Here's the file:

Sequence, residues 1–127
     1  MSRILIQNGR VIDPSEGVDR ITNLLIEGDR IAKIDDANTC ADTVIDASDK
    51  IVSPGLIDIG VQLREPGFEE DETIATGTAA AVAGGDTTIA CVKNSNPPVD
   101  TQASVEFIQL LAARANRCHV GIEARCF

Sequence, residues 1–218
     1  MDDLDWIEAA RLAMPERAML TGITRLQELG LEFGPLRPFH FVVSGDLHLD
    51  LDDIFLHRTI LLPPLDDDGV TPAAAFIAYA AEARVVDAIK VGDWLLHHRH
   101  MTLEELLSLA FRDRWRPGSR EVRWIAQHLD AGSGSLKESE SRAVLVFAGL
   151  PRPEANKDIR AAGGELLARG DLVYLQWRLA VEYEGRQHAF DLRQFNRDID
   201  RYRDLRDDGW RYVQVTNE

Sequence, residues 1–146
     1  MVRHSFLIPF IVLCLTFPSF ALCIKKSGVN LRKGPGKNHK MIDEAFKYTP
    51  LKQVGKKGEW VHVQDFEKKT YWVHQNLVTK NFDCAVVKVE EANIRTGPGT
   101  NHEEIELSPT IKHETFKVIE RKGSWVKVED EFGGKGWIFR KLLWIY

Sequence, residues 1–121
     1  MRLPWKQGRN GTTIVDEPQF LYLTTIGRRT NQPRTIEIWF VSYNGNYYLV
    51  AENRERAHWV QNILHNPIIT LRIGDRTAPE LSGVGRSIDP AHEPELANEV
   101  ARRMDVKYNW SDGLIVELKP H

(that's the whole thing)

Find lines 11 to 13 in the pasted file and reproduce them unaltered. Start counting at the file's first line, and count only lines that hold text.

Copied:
Sequence, residues 1–146
     1  MVRHSFLIPF IVLCLTFPSF ALCIKKSGVN LRKGPGKNHK MIDEAFKYTP
    51  LKQVGKKGEW VHVQDFEKKT YWVHQNLVTK NFDCAVVKVE EANIRTGPGT